However, Marlowe has Faustus contradict his own beliefs as he goes on to dismiss all forms of religion ‘Divinity, adieu’ therefore through the dismissal of religion he dismisses beliefs in God of which he has previously stated he wishes to become like. Moreover, through the dismissal of his religion Faustus is dismissing the medieval period that was dominated by religion and would have been present throughout Marlowe’s society at the time of both writing and performing the play.

This therefore conveys Faustus as a renaissance man, ‘we must sin, and must consequently die’ would have been the final straw and eliminated any empathy of which may had been created for Faustus, as the audience would have predominantly withheld Protestant values and therefore been mortified at such a blatant outcast towards religion and the idea of sin.

Marlowe continues to build this idea as he uses ironic inversion, having Faustus describe ‘and necromantic books are heavenly’, the conflict of describing a book associated with magic and thus hell with religious associations would have further cast Faustus as a sinner within the audience’s eyes. Despite his arrogance and association with sin, the protagonist character must be credited throughout the beginning of the play for his determination, ‘This night I’ll conjure, though I die therefore’; which commands a respect for him as a character.

However, this determination may also be considered by the audience as a childlike stubbornness, as despite the consequences which Faustus is well aware of ‘though I die therefore’, he still continues in hope of succeeding in conjuring magic. The use of this quote by Marlowe, creates a foreshadowing of what is to come later in the novel, the association with ‘die therefore’ may be associated with the warning previously initiated by the chorus ‘waxen wings did mount above his reach’, conveying again the downfall of Faustus like Icarus ending with his death.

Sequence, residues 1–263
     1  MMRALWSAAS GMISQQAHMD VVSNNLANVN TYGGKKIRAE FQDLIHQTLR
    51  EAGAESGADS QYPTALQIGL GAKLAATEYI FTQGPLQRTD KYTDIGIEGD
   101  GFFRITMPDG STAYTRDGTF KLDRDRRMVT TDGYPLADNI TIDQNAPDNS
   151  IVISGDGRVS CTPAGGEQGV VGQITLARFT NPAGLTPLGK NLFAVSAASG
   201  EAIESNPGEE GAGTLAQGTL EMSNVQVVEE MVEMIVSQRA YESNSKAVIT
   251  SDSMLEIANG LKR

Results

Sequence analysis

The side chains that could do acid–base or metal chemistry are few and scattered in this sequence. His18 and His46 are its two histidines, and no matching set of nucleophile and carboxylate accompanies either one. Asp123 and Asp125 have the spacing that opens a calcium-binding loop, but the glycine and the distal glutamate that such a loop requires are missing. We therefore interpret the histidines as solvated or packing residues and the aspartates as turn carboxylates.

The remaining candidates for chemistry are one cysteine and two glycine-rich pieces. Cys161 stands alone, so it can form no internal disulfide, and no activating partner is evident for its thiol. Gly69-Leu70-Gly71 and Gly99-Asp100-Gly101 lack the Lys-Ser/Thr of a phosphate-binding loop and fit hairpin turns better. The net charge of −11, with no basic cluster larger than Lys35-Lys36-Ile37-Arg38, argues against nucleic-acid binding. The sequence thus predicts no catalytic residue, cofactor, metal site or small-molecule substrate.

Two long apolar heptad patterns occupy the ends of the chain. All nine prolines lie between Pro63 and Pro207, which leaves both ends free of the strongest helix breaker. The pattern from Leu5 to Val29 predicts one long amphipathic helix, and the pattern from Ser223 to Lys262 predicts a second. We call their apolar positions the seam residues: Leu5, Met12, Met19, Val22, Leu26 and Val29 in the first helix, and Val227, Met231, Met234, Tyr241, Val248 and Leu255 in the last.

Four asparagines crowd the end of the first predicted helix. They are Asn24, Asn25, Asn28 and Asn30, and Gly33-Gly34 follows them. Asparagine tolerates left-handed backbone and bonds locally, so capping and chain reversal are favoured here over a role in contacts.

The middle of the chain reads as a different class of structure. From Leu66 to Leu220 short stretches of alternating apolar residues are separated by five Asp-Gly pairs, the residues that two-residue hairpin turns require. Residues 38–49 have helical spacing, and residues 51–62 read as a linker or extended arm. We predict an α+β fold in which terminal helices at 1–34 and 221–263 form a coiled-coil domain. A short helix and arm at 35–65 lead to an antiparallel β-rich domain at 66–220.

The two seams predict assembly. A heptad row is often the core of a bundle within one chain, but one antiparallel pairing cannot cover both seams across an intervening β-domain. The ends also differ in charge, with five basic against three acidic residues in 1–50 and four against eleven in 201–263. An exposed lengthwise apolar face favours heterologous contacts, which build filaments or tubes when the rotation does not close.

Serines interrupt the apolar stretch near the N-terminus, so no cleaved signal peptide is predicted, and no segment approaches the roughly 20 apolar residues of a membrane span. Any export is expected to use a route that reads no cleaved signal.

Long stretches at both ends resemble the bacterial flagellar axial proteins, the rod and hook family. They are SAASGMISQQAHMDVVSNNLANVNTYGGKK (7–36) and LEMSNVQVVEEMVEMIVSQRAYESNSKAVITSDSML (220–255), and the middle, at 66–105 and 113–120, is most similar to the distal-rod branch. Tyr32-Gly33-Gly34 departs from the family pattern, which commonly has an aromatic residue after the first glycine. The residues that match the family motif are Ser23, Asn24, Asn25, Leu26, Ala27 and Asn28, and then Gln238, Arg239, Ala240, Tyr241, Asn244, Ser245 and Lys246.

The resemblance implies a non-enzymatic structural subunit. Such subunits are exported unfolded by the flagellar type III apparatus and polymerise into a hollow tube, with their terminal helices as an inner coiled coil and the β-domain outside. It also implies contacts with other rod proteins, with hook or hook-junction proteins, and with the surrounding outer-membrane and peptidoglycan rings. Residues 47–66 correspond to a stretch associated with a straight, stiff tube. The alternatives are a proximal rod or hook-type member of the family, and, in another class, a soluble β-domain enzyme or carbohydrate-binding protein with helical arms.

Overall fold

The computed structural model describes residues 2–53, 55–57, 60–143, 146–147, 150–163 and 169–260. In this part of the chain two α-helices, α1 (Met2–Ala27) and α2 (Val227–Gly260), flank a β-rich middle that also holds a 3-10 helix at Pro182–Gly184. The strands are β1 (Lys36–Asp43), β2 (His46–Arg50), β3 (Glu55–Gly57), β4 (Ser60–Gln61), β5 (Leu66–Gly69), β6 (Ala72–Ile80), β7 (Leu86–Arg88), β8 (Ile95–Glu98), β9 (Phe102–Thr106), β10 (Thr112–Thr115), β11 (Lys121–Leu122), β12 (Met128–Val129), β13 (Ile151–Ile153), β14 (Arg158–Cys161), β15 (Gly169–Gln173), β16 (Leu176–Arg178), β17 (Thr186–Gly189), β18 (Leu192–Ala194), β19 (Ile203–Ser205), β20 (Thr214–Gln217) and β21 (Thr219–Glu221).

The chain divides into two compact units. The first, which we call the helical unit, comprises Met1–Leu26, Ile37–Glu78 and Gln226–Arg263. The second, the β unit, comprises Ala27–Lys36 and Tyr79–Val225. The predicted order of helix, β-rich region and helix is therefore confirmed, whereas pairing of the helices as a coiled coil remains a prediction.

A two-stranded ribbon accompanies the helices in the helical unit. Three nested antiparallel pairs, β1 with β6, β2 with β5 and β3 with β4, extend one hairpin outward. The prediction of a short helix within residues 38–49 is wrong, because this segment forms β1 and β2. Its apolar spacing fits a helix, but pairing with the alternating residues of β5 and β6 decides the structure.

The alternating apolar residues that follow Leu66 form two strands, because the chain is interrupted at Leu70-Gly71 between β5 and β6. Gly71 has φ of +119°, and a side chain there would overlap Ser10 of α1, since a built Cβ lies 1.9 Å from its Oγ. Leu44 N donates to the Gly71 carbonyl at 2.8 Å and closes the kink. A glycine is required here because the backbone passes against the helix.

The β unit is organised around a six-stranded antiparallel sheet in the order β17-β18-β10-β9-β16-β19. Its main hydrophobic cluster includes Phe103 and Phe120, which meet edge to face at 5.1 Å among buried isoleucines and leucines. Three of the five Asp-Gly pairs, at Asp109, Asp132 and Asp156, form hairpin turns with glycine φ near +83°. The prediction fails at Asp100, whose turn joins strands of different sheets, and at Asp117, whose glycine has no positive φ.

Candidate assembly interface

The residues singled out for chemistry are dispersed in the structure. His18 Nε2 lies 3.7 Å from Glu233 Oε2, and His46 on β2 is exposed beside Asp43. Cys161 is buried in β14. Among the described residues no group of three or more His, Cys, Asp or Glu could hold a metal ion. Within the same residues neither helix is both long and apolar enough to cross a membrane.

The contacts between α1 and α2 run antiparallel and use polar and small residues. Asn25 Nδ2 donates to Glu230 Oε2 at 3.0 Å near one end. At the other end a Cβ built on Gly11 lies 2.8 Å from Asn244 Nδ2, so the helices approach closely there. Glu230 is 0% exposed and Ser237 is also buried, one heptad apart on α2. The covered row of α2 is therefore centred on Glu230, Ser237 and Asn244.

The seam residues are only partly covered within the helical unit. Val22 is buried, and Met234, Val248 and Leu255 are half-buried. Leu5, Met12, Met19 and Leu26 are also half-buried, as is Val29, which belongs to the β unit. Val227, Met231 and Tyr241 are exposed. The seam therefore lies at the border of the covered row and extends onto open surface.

This would have built tension within the audience as they anticipated both the conjuring of magic and the glooming downfall of Faustus. Faustus’ response ‘”damnation” terrifies not him For he confounds hell in Elysium’ to the warning cast by Mephastophillis ‘he is in danger to be damn’d’, portrays the protagonist character’s apparent obliviousness to the warnings highlighted by Lucifer’s servants himself. The fact that Faustus is either blatantly ignoring or choosing to ignore the warnings given by Mephastophilli’s not only highlights he arrogance and again links him to the myth of Icarus, yet it also creates an under laying comedy.

Mephastophilli’s blatantly describes ‘why, this is hell, nor am I out of it’ yet Faustus is still convinced despite summoning an actual devil that Hell is ‘in Elysium’, which although to Marlowe’s initial audience would have been extremely seriousness and threatening, to a modern day audience the juxtaposition may be considered comical at the expense of Faustus’ stubbornness. Overall, the beginning of the play casts Faustus as a Renaissance man, preoccupied with a fascination of magic and determination to not only conjure a devil but magic also.

The beginning although at first creating an empathy between the audience and the protagonist through the similarity of ‘stock’ backgrounds, foremost creates a wedge between the audience and Faustus, as they are introduced by Marlowe to the arrogant character who is ‘glutted’ with a desire for lives ‘golden gifts’. The beginning of the novel succeeds in creating tension as to what will happen to the protagonist character and a foreshadowing that his sin will in fact be the source of his impending downfall.